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ARDD marks World Refugee Day, launches study on Palestine refugee youth in region

By JT - Jun 23,2020 - Last updated at Jun 23,2020

AMMAN — As part of its “Voices and Future of Refugee Youth from and in the Arab World” week on the occasion of World Refugee Day, the Arab Renaissance for Democracy and Development (ARDD) hosted a special dialogue addressing the conditions of refugees, including persons with disabilities (PWD), in the region during the COVID-19 pandemic.

According to an ARDD statement shared with The Jordan Times, the dialogue, held on June 16, was an ARDD contribution to programmes that shed light on the conditions of refugees in the region, with the aim of making the voices of the most marginalised groups among refugees more clearly heard.

The dialogue, part of ARDD’s Regional Dialogue Sessions, hosted speakers including Senior Policy Adviser to the United Nations High Commissioner for Refugees (UNHCR) for the Middle East and North Africa Shaden Khallaf, immigration expert and professor at the American University in Cairo Amira Mohamed, Secretary General of Jordan’s Higher Council for the Rights of Persons with Disabilities Muhannad Al Azzeh and President of the Lebanese Physically Handicapped Union Silvana Lakkis. 

The speakers stressed the importance of institutionalising all-encompassing social protection and ensuring that refugees, including those with disabilities, are guaranteed their rights and are included in the decision-making process, particularly concerning issues pertaining to their own futures.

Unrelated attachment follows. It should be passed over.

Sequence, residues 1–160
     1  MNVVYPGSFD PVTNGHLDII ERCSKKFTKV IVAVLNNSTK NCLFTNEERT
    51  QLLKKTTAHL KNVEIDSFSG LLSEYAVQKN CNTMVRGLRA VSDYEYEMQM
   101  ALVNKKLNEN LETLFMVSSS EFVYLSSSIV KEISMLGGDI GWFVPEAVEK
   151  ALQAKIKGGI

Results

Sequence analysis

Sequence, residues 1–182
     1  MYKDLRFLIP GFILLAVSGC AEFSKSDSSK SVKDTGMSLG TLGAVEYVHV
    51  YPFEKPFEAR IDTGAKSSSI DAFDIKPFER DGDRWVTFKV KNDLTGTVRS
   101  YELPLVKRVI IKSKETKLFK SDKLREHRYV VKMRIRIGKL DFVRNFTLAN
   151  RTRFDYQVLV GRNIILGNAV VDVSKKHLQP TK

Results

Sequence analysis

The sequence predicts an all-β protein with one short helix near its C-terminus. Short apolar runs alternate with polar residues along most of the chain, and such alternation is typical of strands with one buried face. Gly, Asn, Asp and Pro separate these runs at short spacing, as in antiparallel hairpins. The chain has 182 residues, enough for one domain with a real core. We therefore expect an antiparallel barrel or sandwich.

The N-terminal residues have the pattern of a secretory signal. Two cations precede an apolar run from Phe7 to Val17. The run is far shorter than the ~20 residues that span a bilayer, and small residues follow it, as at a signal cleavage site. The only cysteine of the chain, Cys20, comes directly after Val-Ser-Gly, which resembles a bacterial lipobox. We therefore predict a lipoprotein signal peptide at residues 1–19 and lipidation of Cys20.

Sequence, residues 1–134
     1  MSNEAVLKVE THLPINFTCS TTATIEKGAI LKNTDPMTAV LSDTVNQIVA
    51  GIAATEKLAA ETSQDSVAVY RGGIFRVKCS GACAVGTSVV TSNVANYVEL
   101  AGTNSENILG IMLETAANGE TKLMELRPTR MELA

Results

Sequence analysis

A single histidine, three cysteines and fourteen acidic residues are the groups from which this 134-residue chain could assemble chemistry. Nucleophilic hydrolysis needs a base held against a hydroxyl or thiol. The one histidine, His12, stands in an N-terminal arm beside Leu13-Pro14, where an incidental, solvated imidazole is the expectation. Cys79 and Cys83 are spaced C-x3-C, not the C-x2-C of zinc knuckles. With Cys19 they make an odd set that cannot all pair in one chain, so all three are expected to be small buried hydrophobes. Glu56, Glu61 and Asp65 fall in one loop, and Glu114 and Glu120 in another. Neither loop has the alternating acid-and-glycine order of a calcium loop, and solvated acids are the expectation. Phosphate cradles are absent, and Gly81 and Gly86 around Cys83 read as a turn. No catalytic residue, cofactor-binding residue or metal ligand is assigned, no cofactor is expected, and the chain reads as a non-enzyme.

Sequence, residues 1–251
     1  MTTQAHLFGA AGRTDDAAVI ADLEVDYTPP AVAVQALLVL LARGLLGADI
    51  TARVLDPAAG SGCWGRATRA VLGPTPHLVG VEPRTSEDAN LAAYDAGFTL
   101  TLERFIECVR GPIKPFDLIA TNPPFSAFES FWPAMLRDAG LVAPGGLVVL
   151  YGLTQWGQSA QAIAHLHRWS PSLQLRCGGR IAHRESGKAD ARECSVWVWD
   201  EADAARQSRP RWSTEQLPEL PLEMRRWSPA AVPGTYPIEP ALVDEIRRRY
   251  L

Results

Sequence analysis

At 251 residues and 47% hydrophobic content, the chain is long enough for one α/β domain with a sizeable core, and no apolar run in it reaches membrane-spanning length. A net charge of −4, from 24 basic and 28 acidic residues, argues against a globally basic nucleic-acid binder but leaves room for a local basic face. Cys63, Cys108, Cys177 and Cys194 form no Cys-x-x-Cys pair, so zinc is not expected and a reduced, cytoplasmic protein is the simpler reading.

On World Refugee Day, ARDD launched its new study titled “Voices of Palestinian Refugee Youth Across the Near East: Socio-Political Participation and Aspirations”, which sheds light on Palestinian refugees by focusing on youth perspectives.

According to the statement, the study focuses on youth who are or aim to be politically and socially active, primarily from camps in Jordan, Lebanon, the occupied Palestinian territories and Syria. 

Involving over 100 young Palestinians of both genders (most with current or past experience in social programmes or volunteer activities), the study attempted to capture the voices of these young people on issues of importance, including their social and political status within their communities, the larger Palestinian “polity” and the host society at large, their political consciousness as Palestinians and as young refugees and how these factors intersect with and impact their aspirations, the statement said. 

The study identified a trend showing an “organic connection” between individual aspirations and collective issues concerning the future of Palestine and the Palestinian people at large. 

“As with past generations, youth remain vocal advocates of the right of return, which they describe as existential, sacred and immutable,” the statement noted. 

Meanwhile, they believe that pending a settlement of the Palestinian refugee question, UNRWA’s mandate should be preserved and its activities enhanced.

Pending their return to Palestine, the youth asked for overall empowerment through capacity building, good education, access to decent jobs and “political space”, the statement read. 

ARDD also took part in a dialogue session on Sunday with representatives of local and international actors and partners, representatives of the Palestinian Affairs Department and the Ministry of Youth, local civil society organisations and relevant government agencies in Jordan, during which the study’s findings and recommendations were highlighted. 

At the end of the meeting, the speakers unanimously agreed on the importance of creating a participatory mechanism that includes all the parties concerned and working to integrate refugee youth into host societies.

On Sunday, ARDD also held an interactive dialogue as part of #AlNahdaYouth sessions, titled “Refugee Youth Voices: Challenges and Aspirations”, whose speakers represented Syrian, Somali and Palestinian refugee communities in different regions in Jordan. 

The session offered an insight into the intricacies of refugee experiences and revealed common aspirations and priorities youth have for the future, according to the statement.


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